It’s the first thing international visitors notice. The streets are filled with nervous, blank stares. In public, many Russians don’t seem to acknowledge that other humans are sharing their space. They are indifferent, if say, you want to squeeze past on a crowded sidewalk. They avoid eye contact as if they might get a disease from it. (A not unrelated point: Russians who visit the United States are equally perplexed by Americans and their obsession with smiling at people they’ve never met.)

A couple years ago when Ursula and I visited Russia, we, too, were aghast at the apparent unfriendliness of the Russian people, and the strangeness of the Cyrillic signs that left us no clue about what we were seeing. No one seemed to want to help, no one even looked, or, they deliberately avoided engagement with us. We struck it off our list of countries that we would like to return to someday, and we vowed to try to be more friendly and helpful to strangers.

Sitting there, book in hand and memories in mind, I did what I knew I needed to do. “It’s been a long day,” I said. “I feel so tired.” I added, now that I had slipped into the courtesy-friendliness thing, “And, how about yours?” He told he was literally coming from just down the road in Singapore. He was with a group, all wearing T-shirts, who were the Society of Orchid Lovers in Singapore ... so that was the happy lavender stream that sauntered by me. They were going to Chiang Mai (to visit some orchid farms) and then embarking on a trek into the surrounding countryside mountains to see orchids in the wild.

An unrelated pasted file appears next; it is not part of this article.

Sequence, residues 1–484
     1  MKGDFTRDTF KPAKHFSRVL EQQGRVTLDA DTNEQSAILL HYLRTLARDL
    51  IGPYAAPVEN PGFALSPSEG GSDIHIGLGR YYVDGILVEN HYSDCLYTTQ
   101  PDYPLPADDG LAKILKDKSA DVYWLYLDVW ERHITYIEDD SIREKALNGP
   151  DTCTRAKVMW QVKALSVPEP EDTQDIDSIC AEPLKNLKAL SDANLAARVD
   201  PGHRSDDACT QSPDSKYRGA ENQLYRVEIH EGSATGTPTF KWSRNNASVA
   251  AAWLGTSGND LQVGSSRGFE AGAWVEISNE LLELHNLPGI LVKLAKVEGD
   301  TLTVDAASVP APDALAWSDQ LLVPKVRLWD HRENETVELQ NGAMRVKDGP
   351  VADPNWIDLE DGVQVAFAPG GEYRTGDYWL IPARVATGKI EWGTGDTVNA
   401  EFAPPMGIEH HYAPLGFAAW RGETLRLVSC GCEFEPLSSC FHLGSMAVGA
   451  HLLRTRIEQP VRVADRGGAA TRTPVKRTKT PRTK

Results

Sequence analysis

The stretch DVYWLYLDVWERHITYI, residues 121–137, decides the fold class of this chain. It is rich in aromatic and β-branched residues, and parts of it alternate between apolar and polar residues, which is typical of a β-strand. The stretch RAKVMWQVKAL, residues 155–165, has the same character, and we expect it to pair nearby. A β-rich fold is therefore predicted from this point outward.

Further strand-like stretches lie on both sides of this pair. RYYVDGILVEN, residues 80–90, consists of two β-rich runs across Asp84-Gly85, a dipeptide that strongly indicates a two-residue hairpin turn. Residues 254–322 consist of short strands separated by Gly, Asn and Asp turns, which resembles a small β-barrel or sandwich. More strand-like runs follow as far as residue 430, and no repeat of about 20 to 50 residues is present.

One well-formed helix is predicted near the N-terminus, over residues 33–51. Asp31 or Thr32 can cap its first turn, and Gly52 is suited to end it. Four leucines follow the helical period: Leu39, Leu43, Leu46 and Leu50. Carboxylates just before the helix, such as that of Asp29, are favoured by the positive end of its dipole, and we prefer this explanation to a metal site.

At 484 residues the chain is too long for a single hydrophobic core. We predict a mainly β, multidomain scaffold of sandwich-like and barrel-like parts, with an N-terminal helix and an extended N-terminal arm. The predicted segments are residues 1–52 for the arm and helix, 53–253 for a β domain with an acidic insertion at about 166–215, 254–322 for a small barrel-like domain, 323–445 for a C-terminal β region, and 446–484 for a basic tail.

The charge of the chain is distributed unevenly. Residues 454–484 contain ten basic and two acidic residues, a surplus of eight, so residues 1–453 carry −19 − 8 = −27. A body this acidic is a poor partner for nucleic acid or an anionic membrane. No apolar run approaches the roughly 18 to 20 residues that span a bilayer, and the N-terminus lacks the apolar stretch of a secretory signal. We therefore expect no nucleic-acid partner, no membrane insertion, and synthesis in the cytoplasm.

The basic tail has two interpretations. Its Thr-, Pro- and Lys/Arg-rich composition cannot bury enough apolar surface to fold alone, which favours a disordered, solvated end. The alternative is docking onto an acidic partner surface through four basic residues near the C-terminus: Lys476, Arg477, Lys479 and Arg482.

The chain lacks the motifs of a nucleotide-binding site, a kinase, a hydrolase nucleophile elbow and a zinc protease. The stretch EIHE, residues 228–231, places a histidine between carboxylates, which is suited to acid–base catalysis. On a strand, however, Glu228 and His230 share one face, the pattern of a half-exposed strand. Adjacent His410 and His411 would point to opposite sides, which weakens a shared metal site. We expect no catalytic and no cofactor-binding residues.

Well, now that we were into it, I threw reserve to the wind and told him about a book I read about a decade ago by Susan Orlean, The Orchid Thief: A True Story of Beauty and Obsession. I told him about my great surprise to learn that there are so many varieties of orchids (thousands), and, flabbergasted by the passion of orchid lovers for the flower. I asked him about the Phalaenopsis, a striking beauty among the many varieties, and told him that my mother has an amazing ability to grow Cymbidium – they just multiplied phenomenally under her hand, and how I wished that one day, I, too, would be able to grow orchids in such bountiful profusion. “She must have green hands,” he said. OK, forget sleep and privacy, now we’re into humor. So, I say, “She does, and, so do I.” “Our last name is Green,” I tell him, and he chuckles, delighted that some barrier was collapsing.